Developed and published by Clapfoot Inc, ‘Fortified is an explosive strategy shooter where players will defend the Earth against a menacing Martian invasion in the 1950s. Play as one-of-four pulp inspired heroes as they fight swarms of terrifying robots with an arsenal of Cold War era weapons and experimental technology. Protect the city by building a network of defensive structures, commanding an army, and jumping into battle against dangerous sky scraping attackers. Fight for Earth alone or with up to four players for the ultimate co-op defense experience.’
Fortified has all the ingredients to make a really addictive game, however don’t go in expecting to complete it easily. If you play through one level at a time you will get to a point where you simply haven’t levelled up enough and unlocked enough upgrades to progress any further without struggling. You will find yourself playing the first five levels over and over until you can get past the 6th level and so on, as this is where the game ramps up in difficulty. It is also worth noting that whilst you can play Fortified in solo play the game is really tailored to be played as a group, and playing alone will become very frustrating once you have more than one rocket to defend.
This by no means makes the game terrible, the gameplay is good, There are four characters to choose from. Spaceman, Captain, Rocket Scientist and Agent. Each having their own un-lockables and special abilities. You have to play with each character to unlock levels for them, so you can’t play through to level 12 with let’s say the Captain then decide to change your character to one of the others, as it will be locked off until you beat the other 11 levels with that character.
You also level up as you play as mentioned above, and you unlock different weapons and defences to place as you go, you’ll also have the ability to upgrade your weapons and defences too. adding different firing rates to machine guns or giving rocket troopers incendiary rounds for example. You are also able to chop and change your defences on the fly without being penalised for selling anything. So if you’ve placed something by mistake or have placed something that isn’t working, you can sell it for what you bought it for and put something else down.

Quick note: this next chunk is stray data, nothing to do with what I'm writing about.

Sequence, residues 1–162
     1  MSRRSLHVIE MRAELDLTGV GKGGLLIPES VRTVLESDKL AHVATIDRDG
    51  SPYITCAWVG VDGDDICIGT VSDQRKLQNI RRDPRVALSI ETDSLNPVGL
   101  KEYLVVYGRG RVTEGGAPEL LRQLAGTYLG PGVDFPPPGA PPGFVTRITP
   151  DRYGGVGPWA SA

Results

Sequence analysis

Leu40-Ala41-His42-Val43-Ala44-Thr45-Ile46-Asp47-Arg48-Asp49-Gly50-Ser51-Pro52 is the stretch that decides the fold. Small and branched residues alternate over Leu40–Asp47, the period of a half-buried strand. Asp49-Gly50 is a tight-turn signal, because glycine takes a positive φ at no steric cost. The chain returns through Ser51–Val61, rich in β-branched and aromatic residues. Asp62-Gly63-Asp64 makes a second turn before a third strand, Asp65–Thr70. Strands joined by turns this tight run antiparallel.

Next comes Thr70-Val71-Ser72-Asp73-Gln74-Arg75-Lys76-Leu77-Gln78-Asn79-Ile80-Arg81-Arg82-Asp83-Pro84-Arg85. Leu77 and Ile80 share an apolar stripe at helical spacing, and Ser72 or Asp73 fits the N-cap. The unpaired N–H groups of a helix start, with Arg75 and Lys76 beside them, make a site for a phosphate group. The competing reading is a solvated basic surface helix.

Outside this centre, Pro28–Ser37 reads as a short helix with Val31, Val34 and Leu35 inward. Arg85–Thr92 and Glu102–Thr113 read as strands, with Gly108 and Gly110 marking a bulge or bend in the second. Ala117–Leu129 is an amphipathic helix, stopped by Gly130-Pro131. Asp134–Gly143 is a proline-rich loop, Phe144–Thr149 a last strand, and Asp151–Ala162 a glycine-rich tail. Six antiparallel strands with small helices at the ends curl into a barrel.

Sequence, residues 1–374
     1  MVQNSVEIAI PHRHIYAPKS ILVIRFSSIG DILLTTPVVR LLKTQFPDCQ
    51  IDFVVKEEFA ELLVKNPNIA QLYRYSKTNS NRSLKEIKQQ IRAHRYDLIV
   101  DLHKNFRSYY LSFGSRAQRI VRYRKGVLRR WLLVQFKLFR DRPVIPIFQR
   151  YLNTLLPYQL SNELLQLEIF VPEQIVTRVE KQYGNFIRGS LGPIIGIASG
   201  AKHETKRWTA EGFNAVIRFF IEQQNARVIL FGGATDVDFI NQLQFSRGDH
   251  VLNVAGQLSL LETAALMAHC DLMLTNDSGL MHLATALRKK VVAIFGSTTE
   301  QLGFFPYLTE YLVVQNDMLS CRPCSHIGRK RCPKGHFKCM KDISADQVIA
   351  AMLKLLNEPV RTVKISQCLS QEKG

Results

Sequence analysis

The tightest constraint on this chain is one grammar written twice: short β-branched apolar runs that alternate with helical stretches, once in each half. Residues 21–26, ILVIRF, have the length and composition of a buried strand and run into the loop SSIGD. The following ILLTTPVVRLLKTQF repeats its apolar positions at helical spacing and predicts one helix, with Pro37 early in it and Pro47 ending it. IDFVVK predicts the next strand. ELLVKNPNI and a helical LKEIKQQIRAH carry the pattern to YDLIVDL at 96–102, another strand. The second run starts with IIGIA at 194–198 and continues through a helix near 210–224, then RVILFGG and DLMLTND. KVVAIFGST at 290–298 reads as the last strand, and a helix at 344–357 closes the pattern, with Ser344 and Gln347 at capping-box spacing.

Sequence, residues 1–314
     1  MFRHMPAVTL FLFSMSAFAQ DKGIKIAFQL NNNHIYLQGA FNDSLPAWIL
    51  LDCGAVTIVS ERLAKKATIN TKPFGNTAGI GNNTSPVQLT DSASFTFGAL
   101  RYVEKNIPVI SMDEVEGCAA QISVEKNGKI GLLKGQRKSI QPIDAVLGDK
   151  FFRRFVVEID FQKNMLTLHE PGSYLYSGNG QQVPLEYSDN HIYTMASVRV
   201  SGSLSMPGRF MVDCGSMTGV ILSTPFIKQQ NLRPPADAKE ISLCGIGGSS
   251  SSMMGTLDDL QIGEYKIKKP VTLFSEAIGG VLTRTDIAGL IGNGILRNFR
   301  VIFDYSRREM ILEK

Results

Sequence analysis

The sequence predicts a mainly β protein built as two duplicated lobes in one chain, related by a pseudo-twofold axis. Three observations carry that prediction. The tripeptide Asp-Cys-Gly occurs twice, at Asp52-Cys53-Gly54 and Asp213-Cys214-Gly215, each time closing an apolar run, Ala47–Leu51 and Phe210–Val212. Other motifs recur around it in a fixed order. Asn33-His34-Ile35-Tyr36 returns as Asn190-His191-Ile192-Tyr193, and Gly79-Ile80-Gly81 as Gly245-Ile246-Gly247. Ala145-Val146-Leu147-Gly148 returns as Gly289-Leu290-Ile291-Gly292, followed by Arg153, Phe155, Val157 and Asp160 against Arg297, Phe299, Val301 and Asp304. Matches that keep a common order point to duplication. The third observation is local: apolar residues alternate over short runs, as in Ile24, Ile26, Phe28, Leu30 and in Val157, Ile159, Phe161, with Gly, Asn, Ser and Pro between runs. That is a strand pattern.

Structures come in two varieties, static units that can be placed and deal damage within a certain area including ground and air, and manned units that are troops that have a static position to defend, denoted by the sandbags surrounding them when placed, but can be commanded by the player using the D-pad. You can get them to follow the player, position them all on a waypoint, fall back to the rocket or set them back at their original positions.
There’s a nice variety of enemies to fight, all of which a robotic Martians. They all have different abilities and speeds and it keeps the game flowing, you’ll find though that sometimes one or two will slip past your defences and start dishing out damage to your rocket. Especially the Annihilators, shaped like balls these seem unaffected by defences and seem to roll straight past and unfold at your rocket dealing some decent damage, so you’ll have to keep an eye out for these, as they can often become enough of a distraction for all hell to break loose.
The 1950’s comic book style is kept up throughout, and is even pulled off well in the 3D rendering of the game, with characters almost having a toy like quality to them. The music is also fitting, along with all the laser firing, gunshots, explosions etc. It’s nothing spectacular but it all works well together making for an all round decent experience.